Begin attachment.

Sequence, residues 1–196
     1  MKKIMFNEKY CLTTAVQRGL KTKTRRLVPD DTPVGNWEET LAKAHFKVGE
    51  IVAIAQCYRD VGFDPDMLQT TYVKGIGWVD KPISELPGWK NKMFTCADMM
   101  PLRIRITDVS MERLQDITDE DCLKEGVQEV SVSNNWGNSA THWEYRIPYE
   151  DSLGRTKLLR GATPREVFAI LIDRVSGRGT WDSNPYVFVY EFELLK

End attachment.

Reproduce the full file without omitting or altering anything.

Sequence, residues 1–196
     1  MKKIMFNEKY CLTTAVQRGL KTKTRRLVPD DTPVGNWEET LAKAHFKVGE
    51  IVAIAQCYRD VGFDPDMLQT TYVKGIGWVD KPISELPGWK NKMFTCADMM
   101  PLRIRITDVS MERLQDITDE DCLKEGVQEV SVSNNWGNSA THWEYRIPYE
   151  DSLGRTKLLR GATPREVFAI LIDRVSGRGT WDSNPYVFVY EFELLK